Kormendy & Bender (2012) propose a parallel sequence galaxy classification (Figure 1 here) in which Sph galaxies appear as bulgeless S0s juxtaposed with Im galaxies. In reality, their progenitors can include late-type spirals, but the Fig. 1 tuning fork is designed for simplicity. S0+Sph galaxies are suggested to be star-formation-quenched descendants of S+Im galaxies. It seems essentially guaranteed that all transformation processes discussed in Section 3 are important. Moreover, although there is good agreement between structural parameter correlations for (1) present-day Sphs+S0 disks and (2) present-day Im+S disks, it is of course not guaranteed that the progenitors of Sph and S0 galaxies were exactly like present-day late-type galaxies. The latter are, after all, survivors. The reasons can partly involve stochastic evolution, but they may also involve differences in internal structure and/or environment.
These ideas are slowly gaining acceptance. An observationally biased but still incomplete list of papers includes Grebel et al. (2003); van Zee et al.(2004); Mayer et al. (2006); Boselli et al. (2008a, b); Tolstoy et al. (2009); Rys et al. (2013, 2014); and Janz et al. (2013). KFCB and Kormendy & Bender (2012) address remaining controversies.
From the perspective of this conference, the important - and robust! - conclusion is this:
Dwarf spiral, irregular, and spheroidal galaxies are not new and special kinds of galaxies, as has often been suggested. Rather: There is a complete continuity in structural parameter scaling relations (Figures 2 - 4 and 6), kinematics and dynamics, star formation properties, and metallicity distributions between the disks of giant galaxies and all three subsets of dwarf galaxies. Fainter than MV ~ -18, the properties of galaxies change as their gravitational potential wells get more shallow; this is qualitatively consistent with the increased importance at lower masses of internal and environmental transformation processes. Also, many aspects of galaxy evolution get more stochastic in smaller galaxies. For example, star formation gets more bursty. Many quantitative details remain to be worked out. But this is engineering. A big-picture view of the evolution of dwarf galaxies seems comfortably in place:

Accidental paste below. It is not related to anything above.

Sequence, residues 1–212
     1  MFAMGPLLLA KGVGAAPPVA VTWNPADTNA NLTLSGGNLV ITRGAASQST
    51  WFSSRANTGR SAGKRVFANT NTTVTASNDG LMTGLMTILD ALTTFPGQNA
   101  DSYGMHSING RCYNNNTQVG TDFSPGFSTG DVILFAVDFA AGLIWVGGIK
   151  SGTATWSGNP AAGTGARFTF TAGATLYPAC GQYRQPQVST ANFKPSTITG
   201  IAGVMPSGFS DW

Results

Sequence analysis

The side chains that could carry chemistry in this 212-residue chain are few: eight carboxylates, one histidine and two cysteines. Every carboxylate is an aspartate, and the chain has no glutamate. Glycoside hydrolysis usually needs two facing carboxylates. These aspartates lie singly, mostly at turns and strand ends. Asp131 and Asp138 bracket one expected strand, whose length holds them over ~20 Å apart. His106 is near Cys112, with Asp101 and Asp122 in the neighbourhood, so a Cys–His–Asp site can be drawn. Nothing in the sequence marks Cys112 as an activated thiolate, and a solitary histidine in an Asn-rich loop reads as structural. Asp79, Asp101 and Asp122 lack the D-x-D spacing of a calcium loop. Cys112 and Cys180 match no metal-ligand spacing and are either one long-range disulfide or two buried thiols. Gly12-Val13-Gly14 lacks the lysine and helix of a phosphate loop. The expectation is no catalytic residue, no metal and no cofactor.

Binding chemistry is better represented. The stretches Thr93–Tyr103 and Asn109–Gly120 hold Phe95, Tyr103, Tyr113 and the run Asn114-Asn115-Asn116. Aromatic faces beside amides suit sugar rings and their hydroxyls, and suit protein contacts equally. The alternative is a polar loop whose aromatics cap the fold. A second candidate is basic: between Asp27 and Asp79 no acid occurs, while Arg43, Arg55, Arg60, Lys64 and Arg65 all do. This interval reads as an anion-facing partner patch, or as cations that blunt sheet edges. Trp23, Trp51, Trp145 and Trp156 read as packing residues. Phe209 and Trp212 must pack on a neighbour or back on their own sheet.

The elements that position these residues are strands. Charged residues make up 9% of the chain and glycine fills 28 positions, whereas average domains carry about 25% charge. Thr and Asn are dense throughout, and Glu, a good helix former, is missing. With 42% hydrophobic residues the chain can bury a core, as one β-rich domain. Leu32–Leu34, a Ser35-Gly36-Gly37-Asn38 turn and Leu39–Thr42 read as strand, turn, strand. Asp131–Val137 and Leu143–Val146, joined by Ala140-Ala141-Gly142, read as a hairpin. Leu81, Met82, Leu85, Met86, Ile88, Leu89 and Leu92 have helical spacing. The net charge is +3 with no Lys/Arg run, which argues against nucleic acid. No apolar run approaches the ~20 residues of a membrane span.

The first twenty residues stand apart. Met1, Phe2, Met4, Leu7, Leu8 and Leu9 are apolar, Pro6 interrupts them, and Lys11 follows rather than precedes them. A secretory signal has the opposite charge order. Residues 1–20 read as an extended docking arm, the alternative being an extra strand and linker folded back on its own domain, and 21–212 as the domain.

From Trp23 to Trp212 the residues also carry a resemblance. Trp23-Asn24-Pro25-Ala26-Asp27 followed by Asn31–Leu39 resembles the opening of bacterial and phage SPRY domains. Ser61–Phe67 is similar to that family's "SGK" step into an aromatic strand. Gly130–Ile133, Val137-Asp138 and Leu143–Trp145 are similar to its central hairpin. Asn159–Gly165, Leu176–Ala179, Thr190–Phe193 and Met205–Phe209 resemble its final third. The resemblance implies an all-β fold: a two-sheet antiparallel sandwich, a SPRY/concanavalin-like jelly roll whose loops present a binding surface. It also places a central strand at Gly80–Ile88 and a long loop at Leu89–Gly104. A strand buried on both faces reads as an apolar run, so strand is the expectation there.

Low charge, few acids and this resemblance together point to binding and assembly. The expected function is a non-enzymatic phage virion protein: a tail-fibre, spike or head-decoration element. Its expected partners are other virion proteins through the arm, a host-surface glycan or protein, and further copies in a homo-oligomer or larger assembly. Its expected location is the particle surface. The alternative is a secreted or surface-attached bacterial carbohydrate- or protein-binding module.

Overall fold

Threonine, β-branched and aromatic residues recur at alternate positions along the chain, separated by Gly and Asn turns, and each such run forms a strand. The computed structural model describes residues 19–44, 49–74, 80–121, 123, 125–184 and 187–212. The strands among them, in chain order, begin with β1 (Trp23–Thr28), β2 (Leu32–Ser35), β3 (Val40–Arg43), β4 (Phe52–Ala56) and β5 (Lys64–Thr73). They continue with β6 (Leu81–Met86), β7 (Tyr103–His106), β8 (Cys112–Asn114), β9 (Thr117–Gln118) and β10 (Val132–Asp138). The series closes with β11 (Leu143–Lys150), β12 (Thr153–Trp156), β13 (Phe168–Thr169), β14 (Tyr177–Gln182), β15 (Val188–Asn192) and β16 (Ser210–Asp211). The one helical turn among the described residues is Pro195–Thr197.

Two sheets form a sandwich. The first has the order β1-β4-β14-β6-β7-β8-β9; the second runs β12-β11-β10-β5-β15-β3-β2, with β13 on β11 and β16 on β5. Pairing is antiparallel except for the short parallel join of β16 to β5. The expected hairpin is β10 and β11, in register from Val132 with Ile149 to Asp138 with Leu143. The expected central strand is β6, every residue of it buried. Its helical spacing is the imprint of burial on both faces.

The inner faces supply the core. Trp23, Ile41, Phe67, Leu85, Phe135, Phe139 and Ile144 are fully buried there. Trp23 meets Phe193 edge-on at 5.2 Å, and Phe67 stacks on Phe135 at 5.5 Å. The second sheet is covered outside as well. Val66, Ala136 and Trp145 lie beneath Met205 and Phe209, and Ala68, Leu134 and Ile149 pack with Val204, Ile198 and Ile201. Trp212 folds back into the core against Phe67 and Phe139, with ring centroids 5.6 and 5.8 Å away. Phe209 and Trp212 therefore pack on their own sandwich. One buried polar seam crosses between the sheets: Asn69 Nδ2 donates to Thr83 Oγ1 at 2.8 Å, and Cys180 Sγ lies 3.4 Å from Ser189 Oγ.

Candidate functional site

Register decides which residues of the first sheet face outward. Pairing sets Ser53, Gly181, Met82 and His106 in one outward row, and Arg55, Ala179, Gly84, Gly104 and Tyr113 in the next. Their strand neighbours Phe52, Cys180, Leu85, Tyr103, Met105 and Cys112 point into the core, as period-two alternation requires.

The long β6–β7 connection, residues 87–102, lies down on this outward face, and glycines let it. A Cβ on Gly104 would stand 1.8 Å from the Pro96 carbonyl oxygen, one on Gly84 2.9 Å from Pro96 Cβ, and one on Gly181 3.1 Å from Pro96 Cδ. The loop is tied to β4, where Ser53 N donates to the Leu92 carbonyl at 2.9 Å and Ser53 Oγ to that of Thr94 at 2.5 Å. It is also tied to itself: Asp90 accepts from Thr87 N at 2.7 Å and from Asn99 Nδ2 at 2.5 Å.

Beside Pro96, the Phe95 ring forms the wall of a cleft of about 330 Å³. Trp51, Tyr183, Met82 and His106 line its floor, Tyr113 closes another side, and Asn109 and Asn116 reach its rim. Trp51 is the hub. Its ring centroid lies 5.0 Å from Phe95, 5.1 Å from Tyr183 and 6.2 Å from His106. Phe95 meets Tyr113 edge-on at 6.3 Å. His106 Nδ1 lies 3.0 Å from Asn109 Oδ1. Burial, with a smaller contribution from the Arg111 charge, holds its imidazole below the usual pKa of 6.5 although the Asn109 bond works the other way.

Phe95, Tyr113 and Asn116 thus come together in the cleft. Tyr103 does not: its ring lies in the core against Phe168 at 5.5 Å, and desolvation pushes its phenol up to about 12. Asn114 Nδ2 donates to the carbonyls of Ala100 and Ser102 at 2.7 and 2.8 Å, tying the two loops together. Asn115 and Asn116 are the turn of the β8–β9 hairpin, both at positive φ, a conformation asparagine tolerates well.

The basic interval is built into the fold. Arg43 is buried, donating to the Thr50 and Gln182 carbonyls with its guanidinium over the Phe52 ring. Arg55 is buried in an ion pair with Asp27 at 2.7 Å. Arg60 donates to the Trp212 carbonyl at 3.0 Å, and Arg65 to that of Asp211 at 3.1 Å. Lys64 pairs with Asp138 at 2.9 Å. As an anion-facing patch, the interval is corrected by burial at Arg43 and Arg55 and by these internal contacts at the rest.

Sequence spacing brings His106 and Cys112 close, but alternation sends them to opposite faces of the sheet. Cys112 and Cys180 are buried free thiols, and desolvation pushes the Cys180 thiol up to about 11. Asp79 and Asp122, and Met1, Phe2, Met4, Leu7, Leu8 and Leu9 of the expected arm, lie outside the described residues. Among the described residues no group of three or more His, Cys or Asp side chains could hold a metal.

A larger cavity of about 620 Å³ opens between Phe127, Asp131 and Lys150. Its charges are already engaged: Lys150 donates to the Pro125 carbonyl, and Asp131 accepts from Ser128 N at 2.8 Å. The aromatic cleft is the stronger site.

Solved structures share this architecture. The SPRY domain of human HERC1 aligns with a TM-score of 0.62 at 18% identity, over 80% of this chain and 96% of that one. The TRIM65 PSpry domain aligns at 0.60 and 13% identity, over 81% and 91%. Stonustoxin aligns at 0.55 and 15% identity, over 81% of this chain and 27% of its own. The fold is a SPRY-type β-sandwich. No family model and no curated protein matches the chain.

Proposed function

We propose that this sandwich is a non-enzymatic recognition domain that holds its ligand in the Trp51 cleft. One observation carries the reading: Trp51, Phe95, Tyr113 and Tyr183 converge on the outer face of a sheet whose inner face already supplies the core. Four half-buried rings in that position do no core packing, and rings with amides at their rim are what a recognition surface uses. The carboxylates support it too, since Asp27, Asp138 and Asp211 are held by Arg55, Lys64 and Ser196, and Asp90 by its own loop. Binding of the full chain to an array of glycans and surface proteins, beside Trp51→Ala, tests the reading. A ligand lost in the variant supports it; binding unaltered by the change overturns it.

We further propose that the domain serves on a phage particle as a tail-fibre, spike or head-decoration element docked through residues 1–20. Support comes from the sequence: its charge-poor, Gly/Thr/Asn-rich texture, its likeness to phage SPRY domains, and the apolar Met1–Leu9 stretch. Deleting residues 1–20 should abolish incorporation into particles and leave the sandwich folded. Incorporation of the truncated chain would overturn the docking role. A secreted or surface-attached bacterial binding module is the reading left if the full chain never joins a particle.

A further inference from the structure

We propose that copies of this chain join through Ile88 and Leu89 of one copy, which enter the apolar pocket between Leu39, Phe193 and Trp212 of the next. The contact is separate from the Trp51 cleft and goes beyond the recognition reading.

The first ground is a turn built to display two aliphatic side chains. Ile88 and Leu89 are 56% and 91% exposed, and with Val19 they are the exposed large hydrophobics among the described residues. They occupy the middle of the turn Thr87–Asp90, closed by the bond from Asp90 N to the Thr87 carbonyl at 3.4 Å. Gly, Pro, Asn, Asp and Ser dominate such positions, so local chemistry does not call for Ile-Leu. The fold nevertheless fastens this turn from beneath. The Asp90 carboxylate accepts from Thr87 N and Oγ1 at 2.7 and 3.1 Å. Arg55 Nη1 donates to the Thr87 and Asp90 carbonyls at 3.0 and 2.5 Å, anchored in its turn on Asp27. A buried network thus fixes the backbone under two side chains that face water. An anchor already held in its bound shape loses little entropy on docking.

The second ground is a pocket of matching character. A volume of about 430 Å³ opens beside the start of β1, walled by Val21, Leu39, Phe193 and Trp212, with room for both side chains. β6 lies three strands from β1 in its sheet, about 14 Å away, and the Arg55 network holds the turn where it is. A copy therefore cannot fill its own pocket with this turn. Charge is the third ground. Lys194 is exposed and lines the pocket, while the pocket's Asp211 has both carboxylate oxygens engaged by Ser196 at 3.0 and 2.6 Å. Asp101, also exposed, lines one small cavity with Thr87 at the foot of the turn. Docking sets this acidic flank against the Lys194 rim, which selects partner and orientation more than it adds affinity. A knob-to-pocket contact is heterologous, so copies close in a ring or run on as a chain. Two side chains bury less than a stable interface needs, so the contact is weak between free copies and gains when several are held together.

All forms of violence - including supernova energy feedback, dynamical harassment, and external ram-pressure stripping - get more important for smaller galaxies. The main result is that smaller galaxies lose more of their baryons or never acquire them. Smaller dwarfs are more dominated by dark matter. Whether or not they retain enough cold gas to feed some star formation is very much a second-order effect. Baryon loss at low halo masses may be so severe that we discover only a small fraction of the smallest, essentially dark halos. This can reconcile the observed scarcity of dwarf galaxies in field environments with our expectations of large numbers of dwarfs that are predicted by the cold dark matter fluctuation spectrum.
It is a pleasure to thank Ralf Bender and Ken Freeman for their hospitality and support during my visits and for always enjoyable collaborations. My attendance at the Seychelles conference was supported by the Max-Planck-Institute for Extraterrestrial Physics and by the Observatory of the Ludwig-Maximilians-University, Munich. This paper was supported by the Curtis T. Vaughan, Jr. Centennial Chair in Astronomy at the University of Texas.